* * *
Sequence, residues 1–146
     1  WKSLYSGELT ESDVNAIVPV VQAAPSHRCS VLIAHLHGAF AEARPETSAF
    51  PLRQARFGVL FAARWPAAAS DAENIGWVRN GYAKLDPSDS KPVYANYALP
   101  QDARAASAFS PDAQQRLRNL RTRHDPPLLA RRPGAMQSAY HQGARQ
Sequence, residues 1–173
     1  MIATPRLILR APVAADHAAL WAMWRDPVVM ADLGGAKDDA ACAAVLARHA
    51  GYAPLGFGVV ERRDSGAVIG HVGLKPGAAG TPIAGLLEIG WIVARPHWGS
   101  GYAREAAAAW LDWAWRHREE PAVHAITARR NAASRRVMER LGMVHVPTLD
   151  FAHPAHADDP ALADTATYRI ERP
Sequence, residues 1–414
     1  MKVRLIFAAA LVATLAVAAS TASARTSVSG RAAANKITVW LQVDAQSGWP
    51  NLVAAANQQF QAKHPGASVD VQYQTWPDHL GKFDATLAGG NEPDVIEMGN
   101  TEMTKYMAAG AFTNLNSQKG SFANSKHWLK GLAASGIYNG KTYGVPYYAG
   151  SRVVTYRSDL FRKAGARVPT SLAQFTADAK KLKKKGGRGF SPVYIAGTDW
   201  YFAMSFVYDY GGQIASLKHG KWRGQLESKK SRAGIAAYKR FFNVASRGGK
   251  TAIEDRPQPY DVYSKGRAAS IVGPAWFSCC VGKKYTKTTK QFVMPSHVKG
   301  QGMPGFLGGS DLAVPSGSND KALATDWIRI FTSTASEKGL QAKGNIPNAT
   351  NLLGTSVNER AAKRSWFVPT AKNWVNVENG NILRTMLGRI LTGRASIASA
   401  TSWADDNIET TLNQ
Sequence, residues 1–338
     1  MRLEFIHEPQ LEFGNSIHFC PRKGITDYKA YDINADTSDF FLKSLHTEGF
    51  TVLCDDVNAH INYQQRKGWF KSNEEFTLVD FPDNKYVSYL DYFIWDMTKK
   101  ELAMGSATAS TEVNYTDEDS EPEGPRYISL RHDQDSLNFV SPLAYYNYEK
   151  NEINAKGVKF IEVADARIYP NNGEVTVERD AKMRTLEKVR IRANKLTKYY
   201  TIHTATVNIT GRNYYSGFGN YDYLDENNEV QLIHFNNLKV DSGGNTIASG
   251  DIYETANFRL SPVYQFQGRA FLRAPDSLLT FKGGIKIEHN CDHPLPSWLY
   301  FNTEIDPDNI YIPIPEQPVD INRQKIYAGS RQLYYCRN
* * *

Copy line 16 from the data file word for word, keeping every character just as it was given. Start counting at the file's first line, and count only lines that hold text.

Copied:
   251  TAIEDRPQPY DVYSKGRAAS IVGPAWFSCC VGKKYTKTTK QFVMPSHVKG